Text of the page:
The soul and the indiscernibility of identicals
I love that phrase, "the indiscernibility of identicals." I sounds so fancy schmancy, that I feel smart every time I say it. It's actually more simple than it sounds, though. Basically it's just the banal observation that if some entity has every property in common with some other entity, then they're actually the same entity. If whatever is true of A is also true of B, and vice versa, then A and B are the same thing. If there's anything at all that is true of one but not true of the other, then they are not the same thing.
The mind and the brain are obviously not the same thing, because there are things that are true of one that are not true of the other. But when you look at some of the properties of a mind, you find that they aren't even reducible to the brain. For example, the mind can contain images. That's how you see things. Images are formed in the mind. You also have images in your mind when you dream. But you can look at the brain all day and never see any of these images. An image in your mind may have the property of greeness, but nothing in your brain is green.
We each have private access to our own minds that nobody else has, and that is problematic for the emergent property view. With every other example of an emergent property you can think of, those properties are open to public access. For example, wetness is an emergent property of H2O. An individual water molecule is not wet, but when you put a bunch of them together, the property of wetness emerges. But the property of wetness can be observed by anybody. If the mind is an emergent property of the brain, then the properties of the mind ought to be observable. But they are not. Only the person who owns the brain has access to thoughts, feelings, perceptions, etc. All of the properties of the mind are private in this way. A brain surgeon may know more about your brain than you do, but you know more about your thoughts than he does.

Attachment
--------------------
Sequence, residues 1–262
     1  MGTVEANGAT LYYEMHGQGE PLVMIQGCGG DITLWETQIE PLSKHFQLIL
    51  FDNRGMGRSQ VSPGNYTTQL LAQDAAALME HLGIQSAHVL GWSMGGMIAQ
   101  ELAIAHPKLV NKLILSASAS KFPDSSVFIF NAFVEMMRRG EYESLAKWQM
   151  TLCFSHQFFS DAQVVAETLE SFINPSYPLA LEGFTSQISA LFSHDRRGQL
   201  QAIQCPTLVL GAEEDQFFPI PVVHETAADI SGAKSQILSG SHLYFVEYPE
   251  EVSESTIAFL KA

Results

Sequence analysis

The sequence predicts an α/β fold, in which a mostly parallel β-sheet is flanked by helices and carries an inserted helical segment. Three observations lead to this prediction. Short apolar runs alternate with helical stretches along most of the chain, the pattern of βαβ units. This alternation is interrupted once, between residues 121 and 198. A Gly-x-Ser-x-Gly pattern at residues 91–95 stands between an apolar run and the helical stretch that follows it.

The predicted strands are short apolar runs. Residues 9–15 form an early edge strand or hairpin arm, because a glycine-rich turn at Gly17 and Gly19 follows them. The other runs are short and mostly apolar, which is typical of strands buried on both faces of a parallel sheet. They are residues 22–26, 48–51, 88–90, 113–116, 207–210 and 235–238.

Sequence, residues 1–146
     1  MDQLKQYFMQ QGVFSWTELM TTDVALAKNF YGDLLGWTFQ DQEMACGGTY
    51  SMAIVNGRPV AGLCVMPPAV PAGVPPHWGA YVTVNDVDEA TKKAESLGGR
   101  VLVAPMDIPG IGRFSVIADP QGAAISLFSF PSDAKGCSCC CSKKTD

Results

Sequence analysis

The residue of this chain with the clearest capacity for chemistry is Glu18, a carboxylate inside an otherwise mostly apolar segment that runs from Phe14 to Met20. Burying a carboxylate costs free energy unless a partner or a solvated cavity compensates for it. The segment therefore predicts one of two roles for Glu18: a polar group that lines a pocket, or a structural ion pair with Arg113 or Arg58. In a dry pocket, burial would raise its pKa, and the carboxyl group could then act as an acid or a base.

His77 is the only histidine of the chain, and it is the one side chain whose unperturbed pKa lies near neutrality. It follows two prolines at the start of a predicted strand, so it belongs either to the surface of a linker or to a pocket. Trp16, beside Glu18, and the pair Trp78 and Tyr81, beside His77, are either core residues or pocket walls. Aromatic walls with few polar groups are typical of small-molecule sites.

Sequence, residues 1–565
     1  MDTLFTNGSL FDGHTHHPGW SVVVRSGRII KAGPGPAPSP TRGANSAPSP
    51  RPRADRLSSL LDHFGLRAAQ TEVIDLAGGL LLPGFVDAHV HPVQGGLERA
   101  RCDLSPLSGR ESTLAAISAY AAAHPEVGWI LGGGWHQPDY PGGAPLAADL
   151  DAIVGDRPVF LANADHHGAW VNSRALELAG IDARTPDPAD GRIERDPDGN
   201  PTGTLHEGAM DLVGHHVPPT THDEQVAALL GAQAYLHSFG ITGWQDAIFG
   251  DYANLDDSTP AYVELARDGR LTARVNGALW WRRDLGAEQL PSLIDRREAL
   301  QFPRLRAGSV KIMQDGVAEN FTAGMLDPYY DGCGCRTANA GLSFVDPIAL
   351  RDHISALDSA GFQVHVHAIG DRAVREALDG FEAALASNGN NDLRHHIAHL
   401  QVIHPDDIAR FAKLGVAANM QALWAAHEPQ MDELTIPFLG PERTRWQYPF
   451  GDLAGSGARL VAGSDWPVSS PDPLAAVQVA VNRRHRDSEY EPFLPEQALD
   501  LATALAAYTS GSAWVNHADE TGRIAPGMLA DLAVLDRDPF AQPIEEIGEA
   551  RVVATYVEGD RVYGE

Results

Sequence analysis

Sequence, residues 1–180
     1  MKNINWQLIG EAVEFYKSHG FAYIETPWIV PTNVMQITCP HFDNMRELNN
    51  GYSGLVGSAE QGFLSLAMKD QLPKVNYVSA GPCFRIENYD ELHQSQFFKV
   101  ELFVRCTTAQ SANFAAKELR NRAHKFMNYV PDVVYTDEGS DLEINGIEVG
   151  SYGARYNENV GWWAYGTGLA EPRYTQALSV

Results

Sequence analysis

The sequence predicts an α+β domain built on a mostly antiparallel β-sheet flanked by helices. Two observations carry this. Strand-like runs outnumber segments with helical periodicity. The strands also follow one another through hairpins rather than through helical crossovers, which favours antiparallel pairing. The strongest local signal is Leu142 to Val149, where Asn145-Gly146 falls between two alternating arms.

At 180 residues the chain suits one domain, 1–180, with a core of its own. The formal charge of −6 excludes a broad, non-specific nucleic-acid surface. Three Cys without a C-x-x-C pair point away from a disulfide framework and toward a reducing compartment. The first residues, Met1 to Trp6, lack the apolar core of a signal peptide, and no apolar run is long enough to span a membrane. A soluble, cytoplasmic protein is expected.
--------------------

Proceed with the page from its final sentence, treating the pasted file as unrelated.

Imagine for a second that we're some strange form of life where brains don't look anything like they look in humans, so we really have no knowledge of what a brain is or how it works. Imagine we decide to look at human brains, not knowing what they are, and we're able to do it without killing the person in the process. No matter how much we observe the brain, not matter what instruments we use, we will never observe any thoughts, feelings, memories, perceptions, or anything remotely resembling the properties of a mind. We could never know from observation that there's some mysterious emergent property called a "mind" that these brains have.
But we know we have minds, because we experience first person subjectivity. We feel, think, remember, and perceive. It's true that a brain surgeon can look at an image of the brain that maps brain waves and brain activity and know something about what's going on in the mind. But the only reason he is able to know any correspondence between the mind and the brain is because of previous experiments where a person whose brain was being mapped gave input about his mental activity. The person being experimented on had to tell the experiment what was going on in his mind before the experimenter could then associate the brain state with the mental state.
The mind and all its properties are not observable by a third person, because the mind and all its properties are not part of the physical universe. They are nonphysical.
Again, people bring up computer analogies here. The inner workings of a computer produce images on a monitor, but you can look inside the computer all day and never see these images. Some argue the mind/body distinction is the same.
But the problem here is that what goes on in the computer is not observable until it is hooked up to a monitor. A monitor converts the signals into an image. Once it does, that image is open to public access. Anybody can see it. Not so with the mind. There's no monitor at all in the brain, and the only person who can see any image associated with the brain is the person who owns it.